Tips for optimum performance

Feeding the racehorse 

To achieve optimum performance in any equine sport, a well-balanced diet that meets the nutritional requirements of the equine athlete is vital.  However, when it comes to nutritional requirements, racehorses are in a class of their own. While it is certainly important to meet protein, trace mineral and vitamin requirements, diet formulation for racehorses usually begins and ends with energy. 

 

Forage comes first
An adequate supply of high-quality forage is important for supplying energy, protein and some nutrients. Forage is also key to ensuring optimum digestion and the prevention of digestive conditions such as gastric ulcers and hindgut acidosis. Pasture, hay, fibre products and beet pulp are all ideal forage sources.
 

Reduce the risk of ulcers
Horses at risk of ulcers would benefit from some amount of Lucerne in their diets, and offering a handful of Lucerne hay or chaff prior to work is extremely beneficial for preventing gastric acid splashes and contributing to the risk of ulcers.

 

Use premium protein sources
While pasture and hay contain moderate protein levels, additional protein should be provided in the feed using a high-quality source with the correct ratio of essential amino acids, especially lysine, methionine and threonine.

 

Boost energy levels
Energy should be supplied through mainly structural carbohydrates (forage), non-structural carbohydrates for fast release energy (grains) and some amount of fat through oil or KER Equi-Jewel stabilised rice bran for slow release energy and to assist with recovery. Provide a blend of energy sources according to the type of racing the horse specialises in.

 

Use processed grains
Aside from oats, all grains require processing using both heat and pressure before feeding. Steam flaking is ideal for ensuring optimum digestion and decreasing the risk of digestive conditions associated with consuming unprocessed grains.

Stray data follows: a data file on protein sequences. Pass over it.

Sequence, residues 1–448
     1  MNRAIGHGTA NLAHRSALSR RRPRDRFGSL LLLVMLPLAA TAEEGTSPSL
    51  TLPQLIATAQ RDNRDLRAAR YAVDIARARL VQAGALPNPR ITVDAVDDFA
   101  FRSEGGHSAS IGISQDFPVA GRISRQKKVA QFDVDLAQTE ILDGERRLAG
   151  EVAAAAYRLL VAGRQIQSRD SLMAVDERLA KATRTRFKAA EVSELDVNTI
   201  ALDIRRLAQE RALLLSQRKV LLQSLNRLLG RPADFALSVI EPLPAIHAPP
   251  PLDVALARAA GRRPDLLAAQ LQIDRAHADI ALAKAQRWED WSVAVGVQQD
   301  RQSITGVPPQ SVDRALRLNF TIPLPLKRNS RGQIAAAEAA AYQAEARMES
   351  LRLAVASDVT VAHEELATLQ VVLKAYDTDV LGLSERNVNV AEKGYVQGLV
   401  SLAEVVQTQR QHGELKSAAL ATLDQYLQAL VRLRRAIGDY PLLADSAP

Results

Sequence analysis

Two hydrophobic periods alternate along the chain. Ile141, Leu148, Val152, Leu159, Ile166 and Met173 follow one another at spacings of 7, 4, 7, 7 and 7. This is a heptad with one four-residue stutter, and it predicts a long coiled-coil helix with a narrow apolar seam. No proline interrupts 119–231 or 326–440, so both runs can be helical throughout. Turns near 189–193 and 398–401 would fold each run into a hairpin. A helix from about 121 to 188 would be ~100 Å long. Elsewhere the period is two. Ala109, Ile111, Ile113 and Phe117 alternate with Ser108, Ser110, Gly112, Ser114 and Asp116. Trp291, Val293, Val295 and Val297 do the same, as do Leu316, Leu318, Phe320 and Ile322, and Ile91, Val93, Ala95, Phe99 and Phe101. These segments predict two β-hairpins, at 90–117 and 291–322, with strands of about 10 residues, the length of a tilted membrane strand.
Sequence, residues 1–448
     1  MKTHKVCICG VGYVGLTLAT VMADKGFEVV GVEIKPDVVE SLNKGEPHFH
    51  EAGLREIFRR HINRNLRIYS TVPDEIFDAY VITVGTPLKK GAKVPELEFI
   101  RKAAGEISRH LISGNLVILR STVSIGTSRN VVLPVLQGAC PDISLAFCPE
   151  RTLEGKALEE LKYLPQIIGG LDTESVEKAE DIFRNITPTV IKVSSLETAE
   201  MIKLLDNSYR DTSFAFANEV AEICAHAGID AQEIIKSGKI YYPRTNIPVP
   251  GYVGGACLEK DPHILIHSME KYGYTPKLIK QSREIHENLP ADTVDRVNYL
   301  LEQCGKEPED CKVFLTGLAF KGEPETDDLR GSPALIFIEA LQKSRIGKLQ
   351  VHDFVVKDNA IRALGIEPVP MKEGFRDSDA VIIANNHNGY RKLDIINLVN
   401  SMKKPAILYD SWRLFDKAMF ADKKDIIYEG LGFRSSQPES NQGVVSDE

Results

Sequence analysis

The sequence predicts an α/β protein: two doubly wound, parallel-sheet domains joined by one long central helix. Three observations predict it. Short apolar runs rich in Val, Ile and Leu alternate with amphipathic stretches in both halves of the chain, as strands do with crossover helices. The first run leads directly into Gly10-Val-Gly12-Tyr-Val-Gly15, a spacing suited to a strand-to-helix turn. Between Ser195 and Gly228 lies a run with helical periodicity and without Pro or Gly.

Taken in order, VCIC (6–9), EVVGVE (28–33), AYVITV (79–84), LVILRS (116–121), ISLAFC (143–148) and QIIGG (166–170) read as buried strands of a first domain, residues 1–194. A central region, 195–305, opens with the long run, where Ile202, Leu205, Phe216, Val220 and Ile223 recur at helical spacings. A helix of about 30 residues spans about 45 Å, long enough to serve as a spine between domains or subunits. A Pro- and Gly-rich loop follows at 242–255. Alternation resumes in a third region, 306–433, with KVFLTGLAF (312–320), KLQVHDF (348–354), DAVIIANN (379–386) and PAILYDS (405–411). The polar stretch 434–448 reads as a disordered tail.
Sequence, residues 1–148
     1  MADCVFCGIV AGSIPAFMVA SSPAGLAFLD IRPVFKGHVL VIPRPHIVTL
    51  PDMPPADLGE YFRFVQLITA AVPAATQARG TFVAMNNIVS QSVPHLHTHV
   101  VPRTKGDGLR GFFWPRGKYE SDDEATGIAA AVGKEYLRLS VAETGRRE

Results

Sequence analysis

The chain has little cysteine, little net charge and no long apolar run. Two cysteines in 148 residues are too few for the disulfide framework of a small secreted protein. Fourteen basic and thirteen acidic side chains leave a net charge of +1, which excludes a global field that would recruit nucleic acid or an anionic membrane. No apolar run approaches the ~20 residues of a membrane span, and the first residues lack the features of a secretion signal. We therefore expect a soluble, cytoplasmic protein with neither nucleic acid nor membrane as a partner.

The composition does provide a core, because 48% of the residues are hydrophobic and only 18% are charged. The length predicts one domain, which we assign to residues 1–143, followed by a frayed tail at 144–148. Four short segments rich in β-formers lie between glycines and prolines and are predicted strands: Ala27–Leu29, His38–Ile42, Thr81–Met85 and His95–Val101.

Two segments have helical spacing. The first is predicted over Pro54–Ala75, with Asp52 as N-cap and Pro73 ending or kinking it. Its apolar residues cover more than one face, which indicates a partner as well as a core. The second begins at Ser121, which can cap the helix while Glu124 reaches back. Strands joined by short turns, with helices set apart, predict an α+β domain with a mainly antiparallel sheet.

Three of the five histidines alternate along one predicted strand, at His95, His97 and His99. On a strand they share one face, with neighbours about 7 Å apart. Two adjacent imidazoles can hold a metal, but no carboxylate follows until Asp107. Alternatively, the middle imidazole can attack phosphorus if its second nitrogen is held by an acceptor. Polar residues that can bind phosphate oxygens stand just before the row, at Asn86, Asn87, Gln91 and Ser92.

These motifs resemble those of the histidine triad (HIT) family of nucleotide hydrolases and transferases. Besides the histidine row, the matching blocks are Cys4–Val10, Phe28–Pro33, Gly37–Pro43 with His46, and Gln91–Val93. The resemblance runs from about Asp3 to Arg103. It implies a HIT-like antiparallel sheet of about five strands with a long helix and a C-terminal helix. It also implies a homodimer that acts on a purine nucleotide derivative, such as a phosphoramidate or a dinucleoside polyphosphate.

Adjust calorie intake
Vary the blend of energy sources according to the horse’s behaviour. For example, ‘hot’ horses should have less grain and be provided more energy through slower release forms such as fat and fibre. Horses at risk of digestive conditions or tying up should also be provided low grain diets. McMillan Muscle Relieve is an ideal high-calorie racing feed that supplies energy through fat and fibre rather than grain. Monitor body condition regularly and alter caloric intake in relation to the horse’s workload and condition.

 

Replenish lost Vitamins and Minerals
Macro minerals such as calcium (Ca) and phosphorus (P) are critical for the constant bone-remodelling process, especially in young in racehorses. Ensure the ratio of Ca to P is around 2:1. High-quality commercial feeds will be balanced for calcium and phosphorous. Replenish minerals lost through sweat such as sodium, chloride, magnesium and potassium through an adequate daily salt intake and electrolyte replacement on work days. Antioxidants, vitamin E and selenium are essential for maintaining muscle health.

 

 

McMillan Equine has a range of high-quality racing feeds that contain a blend of steam-flaked grains, digestible fibre sources and high-quality fat sources to provide an optimum blend of energy for racehorses. All McMillan racehorse feeds including Protein Plus, Premium Plus, Energy Max and Muscle Relieve have been formulated to provide the correct amount of protein and essential nutrients for any racehorse in a balanced way when fed at the correct levels and combined with New Zealand forages.

For assistance with feeding plans to enhance overall health and performance, consult with an experienced equine nutritionist.

 

 

 

 

 

 

 

 

Article supplied by Luisa Wood, Equine Nutritionist for McMillan Feeds.

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